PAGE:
When someone tells me that they’re introducing “trigger messaging” to their product, well, it’s not the most thrilling start to a conversation. But hey, mention automated FaceTime calls from One Direction, and suddenly I’m onboard.
(Not that I’m a huge One Direction fan or anything. It’s not weird that I think this sounds cool, right? Please tell me it’s not weird.)
Those two things really are related. Mobile marketing startup Carnival is indeed unveiling a new trigger messaging feature that allows businesses to automatically send messages to their mobile app users using things like geofences. And while there are existing tools for adding automated messaging to your apps, CEO Guy Horrocks said that they’re largely focused on text, rather than the “very rich content” that Carnival’s platform supports.
What kind of content? Why, automated FaceTime calls from One Direction, of course (and sure, other things like polls and coupons). Apparently Nabisco sponsored One Direction’s 2013 U.S. tour and mobile app, and it took advantage of the trigger messaging capability. Whenever the band arrived in a new city, it automatically triggered phone calls to local fans, and the calls promoted a competition to win tickets for that local concert. Those calls saw a 30 percent engagement rate, and they resulted in a 300 percent increase in daily app usage.
Carnival has actually talked about the One Direction campaign before, but they elided the details about the trigger messaging, because it wasn’t available broadly yet. That feature, Horrocks said, allowed the Nabisco social media team to set it up ahead of time.
And now the company is making these capabilities available to all of its customers.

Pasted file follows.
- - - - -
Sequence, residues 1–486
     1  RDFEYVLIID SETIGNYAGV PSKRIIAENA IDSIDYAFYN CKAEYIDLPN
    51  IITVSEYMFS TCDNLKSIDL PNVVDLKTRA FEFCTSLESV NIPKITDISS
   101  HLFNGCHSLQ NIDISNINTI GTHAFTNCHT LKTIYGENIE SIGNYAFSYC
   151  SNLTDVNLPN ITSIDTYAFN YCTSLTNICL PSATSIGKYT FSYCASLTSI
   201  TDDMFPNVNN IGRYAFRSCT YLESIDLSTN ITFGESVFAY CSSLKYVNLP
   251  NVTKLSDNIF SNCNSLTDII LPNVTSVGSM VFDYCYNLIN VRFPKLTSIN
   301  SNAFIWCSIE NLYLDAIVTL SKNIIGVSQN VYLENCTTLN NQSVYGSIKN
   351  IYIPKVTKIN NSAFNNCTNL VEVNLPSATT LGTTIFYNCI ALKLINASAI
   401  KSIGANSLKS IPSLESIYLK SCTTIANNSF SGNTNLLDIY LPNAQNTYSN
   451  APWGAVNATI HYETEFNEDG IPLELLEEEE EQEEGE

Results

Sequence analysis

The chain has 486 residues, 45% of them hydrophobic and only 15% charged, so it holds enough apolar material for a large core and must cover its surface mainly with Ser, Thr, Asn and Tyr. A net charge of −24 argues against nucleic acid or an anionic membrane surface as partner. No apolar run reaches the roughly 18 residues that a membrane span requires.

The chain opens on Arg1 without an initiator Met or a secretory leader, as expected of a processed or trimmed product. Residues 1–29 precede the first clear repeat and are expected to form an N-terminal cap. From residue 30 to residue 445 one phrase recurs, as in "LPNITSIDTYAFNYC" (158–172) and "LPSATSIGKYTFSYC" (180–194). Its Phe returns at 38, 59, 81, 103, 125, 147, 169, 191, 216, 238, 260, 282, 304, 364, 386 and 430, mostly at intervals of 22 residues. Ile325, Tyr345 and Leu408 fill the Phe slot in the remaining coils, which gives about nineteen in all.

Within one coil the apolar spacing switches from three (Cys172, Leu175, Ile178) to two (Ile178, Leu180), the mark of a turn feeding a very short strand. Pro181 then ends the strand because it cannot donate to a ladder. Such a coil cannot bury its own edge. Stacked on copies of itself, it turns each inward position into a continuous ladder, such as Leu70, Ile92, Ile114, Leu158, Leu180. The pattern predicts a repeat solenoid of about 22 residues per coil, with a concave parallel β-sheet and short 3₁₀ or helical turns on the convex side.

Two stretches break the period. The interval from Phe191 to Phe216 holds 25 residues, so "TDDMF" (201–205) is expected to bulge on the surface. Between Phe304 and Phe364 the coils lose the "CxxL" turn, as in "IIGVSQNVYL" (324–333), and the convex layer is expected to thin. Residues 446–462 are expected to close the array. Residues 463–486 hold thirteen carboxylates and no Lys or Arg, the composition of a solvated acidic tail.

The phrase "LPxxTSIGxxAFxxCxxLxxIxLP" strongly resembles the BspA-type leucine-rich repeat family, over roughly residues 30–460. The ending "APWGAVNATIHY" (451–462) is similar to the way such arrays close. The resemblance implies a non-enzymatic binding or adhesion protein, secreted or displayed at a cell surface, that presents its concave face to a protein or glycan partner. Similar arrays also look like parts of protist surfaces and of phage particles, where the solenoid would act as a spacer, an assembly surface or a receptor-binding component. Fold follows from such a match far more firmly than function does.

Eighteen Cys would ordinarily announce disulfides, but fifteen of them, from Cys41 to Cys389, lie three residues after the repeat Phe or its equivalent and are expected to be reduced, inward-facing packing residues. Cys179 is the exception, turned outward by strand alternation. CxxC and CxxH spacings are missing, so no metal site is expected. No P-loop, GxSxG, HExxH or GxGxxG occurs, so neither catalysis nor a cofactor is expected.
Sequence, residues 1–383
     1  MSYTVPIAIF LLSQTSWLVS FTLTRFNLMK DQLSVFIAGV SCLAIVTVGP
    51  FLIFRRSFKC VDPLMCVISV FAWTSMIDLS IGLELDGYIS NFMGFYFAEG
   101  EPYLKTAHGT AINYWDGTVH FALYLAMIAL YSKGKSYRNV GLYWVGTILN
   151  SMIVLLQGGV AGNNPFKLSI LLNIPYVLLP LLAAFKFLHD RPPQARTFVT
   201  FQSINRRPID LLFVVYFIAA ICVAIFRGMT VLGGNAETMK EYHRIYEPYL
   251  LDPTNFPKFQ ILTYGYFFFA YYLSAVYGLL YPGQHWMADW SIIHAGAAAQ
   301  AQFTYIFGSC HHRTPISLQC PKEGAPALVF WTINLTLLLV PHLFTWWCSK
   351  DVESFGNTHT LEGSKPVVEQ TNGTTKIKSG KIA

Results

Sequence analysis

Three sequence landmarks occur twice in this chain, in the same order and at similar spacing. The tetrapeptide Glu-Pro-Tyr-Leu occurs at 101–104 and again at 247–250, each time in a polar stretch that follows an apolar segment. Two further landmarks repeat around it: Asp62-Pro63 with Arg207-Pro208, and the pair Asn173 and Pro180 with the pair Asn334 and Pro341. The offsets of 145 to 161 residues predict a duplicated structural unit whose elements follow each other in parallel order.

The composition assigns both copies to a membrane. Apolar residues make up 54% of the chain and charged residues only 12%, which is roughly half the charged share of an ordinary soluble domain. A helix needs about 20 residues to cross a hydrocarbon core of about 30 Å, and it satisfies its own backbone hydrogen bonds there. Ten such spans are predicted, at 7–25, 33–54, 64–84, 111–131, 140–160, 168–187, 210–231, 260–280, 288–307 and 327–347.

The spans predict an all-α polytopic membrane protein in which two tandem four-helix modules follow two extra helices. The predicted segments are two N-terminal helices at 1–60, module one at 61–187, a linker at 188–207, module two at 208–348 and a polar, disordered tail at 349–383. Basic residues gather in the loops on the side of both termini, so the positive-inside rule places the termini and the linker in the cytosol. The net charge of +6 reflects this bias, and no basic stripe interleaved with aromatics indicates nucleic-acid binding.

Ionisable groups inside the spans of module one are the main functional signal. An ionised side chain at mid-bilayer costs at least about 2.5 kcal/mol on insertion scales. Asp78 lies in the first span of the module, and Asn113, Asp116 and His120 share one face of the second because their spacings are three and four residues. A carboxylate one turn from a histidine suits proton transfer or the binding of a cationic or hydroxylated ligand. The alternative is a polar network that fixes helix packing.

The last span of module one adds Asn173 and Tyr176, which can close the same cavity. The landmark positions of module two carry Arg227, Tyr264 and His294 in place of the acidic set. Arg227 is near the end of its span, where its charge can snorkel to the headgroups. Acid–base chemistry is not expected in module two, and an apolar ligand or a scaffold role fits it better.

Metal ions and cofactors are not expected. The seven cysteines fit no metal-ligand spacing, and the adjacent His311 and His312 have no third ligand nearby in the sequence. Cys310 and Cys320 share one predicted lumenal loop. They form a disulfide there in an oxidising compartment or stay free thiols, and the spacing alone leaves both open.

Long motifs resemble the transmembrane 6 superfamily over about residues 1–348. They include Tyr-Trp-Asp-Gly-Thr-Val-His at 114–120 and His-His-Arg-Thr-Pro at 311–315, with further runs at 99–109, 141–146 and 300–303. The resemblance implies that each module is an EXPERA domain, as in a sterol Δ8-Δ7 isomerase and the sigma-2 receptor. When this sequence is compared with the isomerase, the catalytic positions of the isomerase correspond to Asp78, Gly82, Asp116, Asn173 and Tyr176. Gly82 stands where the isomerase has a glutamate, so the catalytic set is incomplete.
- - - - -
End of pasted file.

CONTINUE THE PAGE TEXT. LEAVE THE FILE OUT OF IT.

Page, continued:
Horrocks also gave me a quick demo of setting up different rules for automated messaging. Creating a geofence seemed pretty straightforward and also fairly targeted — Horrocks showed me how to automatically send a message 10 minutes after he entered the AOL building. The targeting isn’t purely geographic, either. You could also create triggers based on app activity, say if someone hasn’t opened the app in a month.
The broader vision behind Carnival, as Horrocks has said in the past, is to convince marketers to stop creating boring mobile apps that are little more than promotional billboards. Carnival gives them tools to feature more interactive, engaging content, and adding trigger messaging will make that process even easier.
The end result, Horrocks told me, is that brands might create fewer apps, but the ones they do launch should be better and “more strategic.”
“I think they’re hopefully going to do less stupid apps and a lot more smart ones,” he said.
(Carnival is backed by Bowery Capital, which itself has funding from AOL. And AOL owns TechCrunch.)